The clack of keys, the scratch of graphite and the creak of pens – the trillion sounds of ideas becoming real, upon screens and paper. The ideas themselves remain silent to everyone other than the author… until they are read. Readers hear those ideas within their own minds. So, if the writer is good the reader can replay what went on in the author’s head. Great writing is delayed telepathy.
Another method of breathing life into a writer’s ideas is through the ancient form of acting. Great acting and great writing combine to make virtual universes real; to bring imaginary people to life. No god need apply.
I’ve written five short plays now, and, as of yesterday, I’ve seen four of them come to life before me. Three of them have been performed on stage before ‘a live audience’ which engaged with them, laughed and gasped and clapped (in all the right places!). It has always been a surreal experience for me. I never get used to the process. I feel like Geppetto each and every time. Of course, the big difference is that though I have carved the wooden boy and made him look real, it is others who breathe life into him and cut the strings.
Yesterday, I sat in on rehearsals for my new play, Reverse Psychology. It is a short play and will be one of six tales as part of a horror anthology called Disconnected, which will be performed in Cork in September. I’ve worked with the director, John Hayes, before. He helped Fade to Black net an acting award as well as widespread acclaim. Actor Judy Donovan had a small part in that play too. This time she has a lot more to get her teeth into. I met the other actors – Catherine Crowley, Liam O’Maoldhomhnaigh, and Dave McGuire. No sooner had I met them than they all became other people; people who had been born in my brain. Vague, shadow people suddenly became crystal clear in form and voice. Watching great actors at work is a truly magical experience. No wonder the best and most famous get paid millions to fool us into believing they are someone else.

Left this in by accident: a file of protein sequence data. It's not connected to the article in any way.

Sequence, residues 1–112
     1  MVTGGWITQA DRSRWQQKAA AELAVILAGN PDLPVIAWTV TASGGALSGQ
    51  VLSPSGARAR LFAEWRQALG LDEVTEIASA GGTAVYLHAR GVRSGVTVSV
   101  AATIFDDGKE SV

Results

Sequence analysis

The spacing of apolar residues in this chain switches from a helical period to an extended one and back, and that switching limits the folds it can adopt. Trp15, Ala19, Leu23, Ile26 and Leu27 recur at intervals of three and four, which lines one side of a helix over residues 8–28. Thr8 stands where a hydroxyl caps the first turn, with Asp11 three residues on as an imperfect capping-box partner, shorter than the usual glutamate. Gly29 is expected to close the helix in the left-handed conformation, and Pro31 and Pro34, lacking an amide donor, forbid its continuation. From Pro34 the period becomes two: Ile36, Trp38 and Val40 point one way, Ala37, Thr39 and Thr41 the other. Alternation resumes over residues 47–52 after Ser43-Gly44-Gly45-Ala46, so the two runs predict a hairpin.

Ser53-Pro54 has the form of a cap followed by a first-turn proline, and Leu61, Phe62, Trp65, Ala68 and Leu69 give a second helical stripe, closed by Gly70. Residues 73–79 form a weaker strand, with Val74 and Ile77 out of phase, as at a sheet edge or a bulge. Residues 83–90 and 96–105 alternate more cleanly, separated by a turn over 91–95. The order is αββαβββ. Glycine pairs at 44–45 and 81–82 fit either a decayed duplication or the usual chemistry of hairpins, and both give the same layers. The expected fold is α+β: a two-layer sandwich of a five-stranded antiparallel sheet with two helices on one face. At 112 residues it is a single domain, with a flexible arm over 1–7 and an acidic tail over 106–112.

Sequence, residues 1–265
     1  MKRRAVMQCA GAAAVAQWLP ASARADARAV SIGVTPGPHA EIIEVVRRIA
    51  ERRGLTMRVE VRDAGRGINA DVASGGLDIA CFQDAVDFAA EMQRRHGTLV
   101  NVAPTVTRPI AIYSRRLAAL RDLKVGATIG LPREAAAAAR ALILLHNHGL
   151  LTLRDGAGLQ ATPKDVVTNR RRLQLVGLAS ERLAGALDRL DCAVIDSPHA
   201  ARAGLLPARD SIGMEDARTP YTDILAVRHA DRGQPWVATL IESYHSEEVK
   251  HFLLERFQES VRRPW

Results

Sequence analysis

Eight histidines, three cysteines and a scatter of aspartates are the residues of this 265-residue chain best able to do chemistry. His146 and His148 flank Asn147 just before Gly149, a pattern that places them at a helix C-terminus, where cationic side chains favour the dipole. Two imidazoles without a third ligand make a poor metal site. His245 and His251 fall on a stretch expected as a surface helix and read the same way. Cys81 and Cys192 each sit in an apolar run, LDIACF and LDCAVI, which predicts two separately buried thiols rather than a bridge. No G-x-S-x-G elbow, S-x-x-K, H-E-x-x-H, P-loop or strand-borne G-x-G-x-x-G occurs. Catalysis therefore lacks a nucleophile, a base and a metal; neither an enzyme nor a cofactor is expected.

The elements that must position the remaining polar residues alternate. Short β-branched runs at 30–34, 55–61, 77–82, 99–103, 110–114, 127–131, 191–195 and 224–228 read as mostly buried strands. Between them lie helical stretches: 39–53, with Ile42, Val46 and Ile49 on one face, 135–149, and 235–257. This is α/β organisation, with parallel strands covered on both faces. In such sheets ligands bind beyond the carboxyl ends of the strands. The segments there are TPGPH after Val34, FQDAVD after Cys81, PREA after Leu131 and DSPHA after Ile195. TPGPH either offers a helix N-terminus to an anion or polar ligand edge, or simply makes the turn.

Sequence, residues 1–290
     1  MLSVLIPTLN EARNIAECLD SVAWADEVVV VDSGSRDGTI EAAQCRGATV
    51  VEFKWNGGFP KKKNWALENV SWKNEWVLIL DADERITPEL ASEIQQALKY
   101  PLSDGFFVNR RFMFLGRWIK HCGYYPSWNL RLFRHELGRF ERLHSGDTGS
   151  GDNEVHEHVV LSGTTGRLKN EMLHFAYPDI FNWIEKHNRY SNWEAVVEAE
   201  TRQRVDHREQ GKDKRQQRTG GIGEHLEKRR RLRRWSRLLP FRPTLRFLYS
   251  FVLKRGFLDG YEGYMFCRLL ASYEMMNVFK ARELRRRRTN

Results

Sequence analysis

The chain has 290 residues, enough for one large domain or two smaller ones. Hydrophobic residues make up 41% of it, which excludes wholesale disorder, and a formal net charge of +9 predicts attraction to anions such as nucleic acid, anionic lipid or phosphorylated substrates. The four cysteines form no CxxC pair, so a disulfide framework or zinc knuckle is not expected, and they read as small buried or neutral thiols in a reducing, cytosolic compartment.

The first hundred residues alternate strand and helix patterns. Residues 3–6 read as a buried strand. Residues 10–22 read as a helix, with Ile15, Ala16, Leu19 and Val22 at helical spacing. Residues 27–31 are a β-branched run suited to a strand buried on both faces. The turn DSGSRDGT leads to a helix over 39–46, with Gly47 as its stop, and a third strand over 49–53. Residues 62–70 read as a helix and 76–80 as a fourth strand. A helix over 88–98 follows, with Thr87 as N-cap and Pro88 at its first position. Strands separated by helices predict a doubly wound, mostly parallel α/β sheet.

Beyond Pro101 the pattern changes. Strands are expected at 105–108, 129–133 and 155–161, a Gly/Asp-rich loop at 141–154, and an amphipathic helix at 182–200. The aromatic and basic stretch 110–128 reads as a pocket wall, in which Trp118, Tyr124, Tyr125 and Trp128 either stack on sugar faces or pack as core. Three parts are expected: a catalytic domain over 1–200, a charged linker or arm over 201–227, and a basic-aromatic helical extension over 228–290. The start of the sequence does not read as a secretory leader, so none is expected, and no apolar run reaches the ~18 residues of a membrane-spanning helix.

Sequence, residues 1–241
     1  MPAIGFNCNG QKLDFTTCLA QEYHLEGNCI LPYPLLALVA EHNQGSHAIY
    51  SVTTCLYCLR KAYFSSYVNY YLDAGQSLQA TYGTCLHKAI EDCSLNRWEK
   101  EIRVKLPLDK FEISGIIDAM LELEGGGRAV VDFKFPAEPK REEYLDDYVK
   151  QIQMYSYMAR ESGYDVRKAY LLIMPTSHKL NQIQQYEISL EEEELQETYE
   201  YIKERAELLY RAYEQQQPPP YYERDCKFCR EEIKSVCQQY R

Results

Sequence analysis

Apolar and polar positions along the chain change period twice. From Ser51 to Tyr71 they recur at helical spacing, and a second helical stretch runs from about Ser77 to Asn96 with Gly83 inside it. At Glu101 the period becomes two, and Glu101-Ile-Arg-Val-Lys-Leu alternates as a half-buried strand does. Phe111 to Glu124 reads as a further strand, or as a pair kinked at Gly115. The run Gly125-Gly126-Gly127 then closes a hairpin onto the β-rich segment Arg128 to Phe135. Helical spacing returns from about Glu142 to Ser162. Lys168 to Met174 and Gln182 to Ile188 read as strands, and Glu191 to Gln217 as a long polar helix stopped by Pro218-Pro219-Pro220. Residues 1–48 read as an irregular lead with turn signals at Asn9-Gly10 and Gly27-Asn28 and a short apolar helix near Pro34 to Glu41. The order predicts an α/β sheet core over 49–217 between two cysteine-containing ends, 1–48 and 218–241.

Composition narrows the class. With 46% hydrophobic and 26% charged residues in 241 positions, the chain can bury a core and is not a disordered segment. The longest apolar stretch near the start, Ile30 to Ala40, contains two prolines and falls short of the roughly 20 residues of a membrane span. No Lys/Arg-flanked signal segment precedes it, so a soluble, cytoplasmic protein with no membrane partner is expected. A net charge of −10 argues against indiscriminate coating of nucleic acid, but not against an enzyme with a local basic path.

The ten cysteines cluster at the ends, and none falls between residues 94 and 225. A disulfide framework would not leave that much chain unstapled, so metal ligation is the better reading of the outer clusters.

Acting should be bigger than life. Scripts should be bigger than life. It should all be bigger than life.
– Bette Davis
I watched as the men and women in my play became real – their quirks, their needs, their pasts, appeared before me like a fantastic illusion. It finalised a process that had begun in my head (1D), formed on a page (2D), reimagined by a director (3D), and now walked and talked via these actors (4D). They were so good that they made me forget that they sometimes read from their manuscripts and helped each other with their lines. They were SO good they made me forget that the words they spoke were written by ME!
I’ll post about the 1D and 2D processes soon enough, but for now I’m just happy that I have another project at the 4D stage. I know for a fact that it’s in good hands, ready for an audience to engage with it. That must surely be the fifth dimension.
To see more images from the rehearsal, click here.